Swiss and Anglo humour mix in improv show

Swiss and Anglo humour mix in improv show
Photo: The Improv Comedy Kitchen/Facebook
Improvisers from the UK, the US and Canada flew to Switzerland this week to take part in a comedy show alongside a Swiss comedian. The Local talks to the man behind the venture.

Founded last year by American expat Gerald Weber and Swiss native Manuela Mühlemann, the Improv Comedy Kitchen (TICK) is a new form of entertainment tailored to Switzerland’s large English-speaking population.

“We noticed that there was no professional improvisation group in Switzerland for English speakers,” Weber, who hosts the shows, tells The Local.

“In Amsterdam, there’s one called Boom Chicago that does shows every night in English. We wanted to do something similar based on the [US comedy show] ‘Who’s Line is it Anyway?’”

In line with the format of the hit US programme, each show typically features three performers, in this case two Anglo comedians from the US, Canada or the UK.

To ensure the right amount of Swissness, the company throws a third performer who is always Swiss into the mix “to stand their ground”.

“We like to play with the fact that the Swiss person is the guest in Switzerland,” says Weber.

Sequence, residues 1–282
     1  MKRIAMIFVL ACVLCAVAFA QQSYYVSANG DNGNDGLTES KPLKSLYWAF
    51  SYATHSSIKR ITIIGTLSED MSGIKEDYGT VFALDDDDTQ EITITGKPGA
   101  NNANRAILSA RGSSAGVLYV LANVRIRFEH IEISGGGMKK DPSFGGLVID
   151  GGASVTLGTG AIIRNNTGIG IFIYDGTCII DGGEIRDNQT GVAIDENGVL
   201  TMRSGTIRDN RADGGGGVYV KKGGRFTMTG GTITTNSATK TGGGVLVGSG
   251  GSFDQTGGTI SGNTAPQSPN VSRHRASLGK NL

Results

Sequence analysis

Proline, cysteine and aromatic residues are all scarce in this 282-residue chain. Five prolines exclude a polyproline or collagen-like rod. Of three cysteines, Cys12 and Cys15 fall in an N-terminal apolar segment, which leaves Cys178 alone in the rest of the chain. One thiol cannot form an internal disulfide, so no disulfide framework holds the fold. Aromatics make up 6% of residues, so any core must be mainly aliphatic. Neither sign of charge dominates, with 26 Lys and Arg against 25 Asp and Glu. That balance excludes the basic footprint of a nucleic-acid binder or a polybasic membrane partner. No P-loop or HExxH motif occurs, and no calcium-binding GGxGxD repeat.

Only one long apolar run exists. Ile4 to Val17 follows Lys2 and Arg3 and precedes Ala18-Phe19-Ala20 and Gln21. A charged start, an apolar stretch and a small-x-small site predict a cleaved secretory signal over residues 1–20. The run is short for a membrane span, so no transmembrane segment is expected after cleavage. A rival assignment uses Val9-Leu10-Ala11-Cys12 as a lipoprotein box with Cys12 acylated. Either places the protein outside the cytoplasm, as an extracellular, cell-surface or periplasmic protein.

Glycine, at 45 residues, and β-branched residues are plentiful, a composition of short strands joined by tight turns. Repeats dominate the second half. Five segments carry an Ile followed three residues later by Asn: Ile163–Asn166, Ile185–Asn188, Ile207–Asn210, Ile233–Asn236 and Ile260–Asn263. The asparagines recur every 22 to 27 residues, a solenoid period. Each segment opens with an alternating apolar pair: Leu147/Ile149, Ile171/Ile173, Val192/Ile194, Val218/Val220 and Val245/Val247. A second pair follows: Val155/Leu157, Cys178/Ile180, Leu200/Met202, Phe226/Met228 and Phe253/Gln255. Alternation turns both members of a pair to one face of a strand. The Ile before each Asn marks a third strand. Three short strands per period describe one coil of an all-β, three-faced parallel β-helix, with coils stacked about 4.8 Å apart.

The three comedians perform in various games, improvised sketches, scenes and stories, as well as performing improvised music.

Nothing is prepared beforehand and everything is created on the spot from suggestions of the audience.

Although there is always a Swiss presence in the audience, the show is mainly targeted towards expats.

“In the audience, we always have people from at least 20 different countries – usually from all continents,” says Weber. “Normally, we talk to the audience before the start to find out where they are from. That way, we can cater to their different senses of humour and give them a reminder of their culture.”

Does he notice particular differences between Swiss and English/American humour?

“From my experience of living in Chicago, I’d say the English sense of humour is more language-based and witty than Swiss humour,” he says.

“While the Swiss like to use stories to tell jokes, Americans tend to use more puns and one-liners.”

The Swiss also tend to be more polite, he notes, and are less direct or vulgar in their approach.

Differences can also be observed between Swiss and American members of the audience, he says.

“American members of the audience are much more willing to get excited, whereas you may not notice if the Swiss members are amused.”

But there is one subject that’s sure to get them going, he says. “Jokes about Germans always work!”

The Improv Comedy Kitchen will perform in Zurich at the Boulevard Theatre (April 25th, May 30th), in Bern at the ONO Theatre (May 29th). On Thursday, they performed in Zug at the Chollerhalle.

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